Review: Julius Caesar

Jason Altshuler, Arts/Breaking News Writing Editor

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With elements that will resonate with anyone and everyone, the high school’s Shakespeare play Julius Caesar sheds light on the politics and inner workings of human society.

The Drama Society’s take on William Shakespeare’s Julius Caesar, directed by Mary Mastandrea, places the classic narrative within an election season in modern day America.  The setting, though confusing at times, served to emphasize the contemporary relevance of the play, 400 years after its composition.

At the beginning of the play, Julius Caesar, played by junior Hewitt Langton, is a popular candidate, whose overwhelming support is feared by his fellow politicians. Cassius, portrayed by sophomore Rebecca Perez, a close friend of Attorney General Brutus (played by junior Sarah Groustra), brings together a group of Senators to plot the assassination of Caesar.  Brutus is chosen to be the new candidate for Office.

From this point, the drama unfolds at a brisk pace: Antonia, another former colleague of Caesar, rebels against Brutus, dividing the nation between the two potential leaders.

Although flaws in the modern setting appear at times (such as the reworking of a poet as a hip hop artist), the play is elevated by the sheer talent of the actors.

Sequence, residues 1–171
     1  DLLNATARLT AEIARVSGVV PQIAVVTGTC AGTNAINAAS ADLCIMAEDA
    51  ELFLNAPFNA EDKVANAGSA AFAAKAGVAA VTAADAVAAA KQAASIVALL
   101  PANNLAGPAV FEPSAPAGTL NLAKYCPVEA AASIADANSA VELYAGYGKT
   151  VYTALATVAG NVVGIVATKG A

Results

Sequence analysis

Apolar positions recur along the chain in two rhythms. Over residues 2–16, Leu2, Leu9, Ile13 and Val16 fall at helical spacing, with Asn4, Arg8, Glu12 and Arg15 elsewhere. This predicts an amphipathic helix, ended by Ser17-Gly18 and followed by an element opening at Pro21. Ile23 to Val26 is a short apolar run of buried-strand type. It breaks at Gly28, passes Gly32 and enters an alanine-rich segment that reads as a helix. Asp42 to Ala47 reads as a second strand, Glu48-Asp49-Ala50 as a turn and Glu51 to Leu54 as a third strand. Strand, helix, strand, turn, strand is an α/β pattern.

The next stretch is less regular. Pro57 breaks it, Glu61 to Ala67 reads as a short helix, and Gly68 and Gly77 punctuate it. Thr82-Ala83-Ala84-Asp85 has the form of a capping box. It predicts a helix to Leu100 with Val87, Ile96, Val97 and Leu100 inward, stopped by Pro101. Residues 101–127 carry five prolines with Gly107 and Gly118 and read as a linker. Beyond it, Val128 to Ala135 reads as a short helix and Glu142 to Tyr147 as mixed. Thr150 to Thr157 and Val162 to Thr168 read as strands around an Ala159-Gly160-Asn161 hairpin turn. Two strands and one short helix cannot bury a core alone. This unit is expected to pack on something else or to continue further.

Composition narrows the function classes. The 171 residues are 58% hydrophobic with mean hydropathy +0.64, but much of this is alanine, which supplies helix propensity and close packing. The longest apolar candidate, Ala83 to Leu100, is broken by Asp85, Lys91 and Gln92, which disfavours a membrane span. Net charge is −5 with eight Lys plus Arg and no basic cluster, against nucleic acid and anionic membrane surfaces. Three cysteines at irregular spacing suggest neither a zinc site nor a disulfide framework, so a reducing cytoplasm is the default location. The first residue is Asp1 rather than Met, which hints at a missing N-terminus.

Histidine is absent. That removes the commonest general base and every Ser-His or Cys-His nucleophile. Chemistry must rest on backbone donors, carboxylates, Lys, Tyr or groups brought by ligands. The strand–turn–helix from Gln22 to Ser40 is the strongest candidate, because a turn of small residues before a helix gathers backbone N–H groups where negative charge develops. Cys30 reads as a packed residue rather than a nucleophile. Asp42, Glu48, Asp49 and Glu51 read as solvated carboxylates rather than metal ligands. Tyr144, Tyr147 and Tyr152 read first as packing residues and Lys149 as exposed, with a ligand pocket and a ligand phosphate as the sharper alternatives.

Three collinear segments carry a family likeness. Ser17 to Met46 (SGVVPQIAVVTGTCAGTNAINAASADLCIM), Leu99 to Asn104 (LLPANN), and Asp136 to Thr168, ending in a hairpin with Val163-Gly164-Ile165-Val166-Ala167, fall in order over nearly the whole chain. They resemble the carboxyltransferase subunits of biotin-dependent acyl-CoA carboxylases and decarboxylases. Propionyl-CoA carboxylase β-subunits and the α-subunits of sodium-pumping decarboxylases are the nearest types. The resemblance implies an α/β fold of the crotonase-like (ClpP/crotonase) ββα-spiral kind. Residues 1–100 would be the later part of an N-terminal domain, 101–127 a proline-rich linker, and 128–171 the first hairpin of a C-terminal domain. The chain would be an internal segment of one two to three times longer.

The students who play the conniving senators (juniors Nick Sturman, Hunter Amory and Nathaniel Liberman and senior Haley Barnes) who oppose Caesar truly make you believe that they are self-assured conspirators intent on murder. Groustra, who plays Brutus, shows stunning character development that is as believable as it is entertaining, starting as a thoughtful public servant and becoming a paranoid and angry corrupt politician.

Even moments that most audience members are aware of beforehand—such as Caesar’s assassination—are packed with emotion and evoke chills.  

The issues that are discussed in the production are as relevant today as they were when Shakespeare wrote them—conspiracy, corruption, crime, marriage, betrayal, cocky and shortsighted political leaders and more—making Julius Caesar both intriguing and extremely interesting.

Finally, the elements of the current election that were interspersed throughout the play added both to the humor and relatableness of the narrative (such as a real clip of moderator Chris Wallace after the Second Presidential Debate being played after the debate in the story).

Any Shakespeare fans or political activists would be well advised to catch a showing before it closes.

The high school’s production of Julius Caesar will be shown again on Thursday, Nov. 3, Friday, Nov. 4 and Saturday Nov. 5 at 7:30 p.m.  The approximate running time is 1:40 with a 10 minute intermission.

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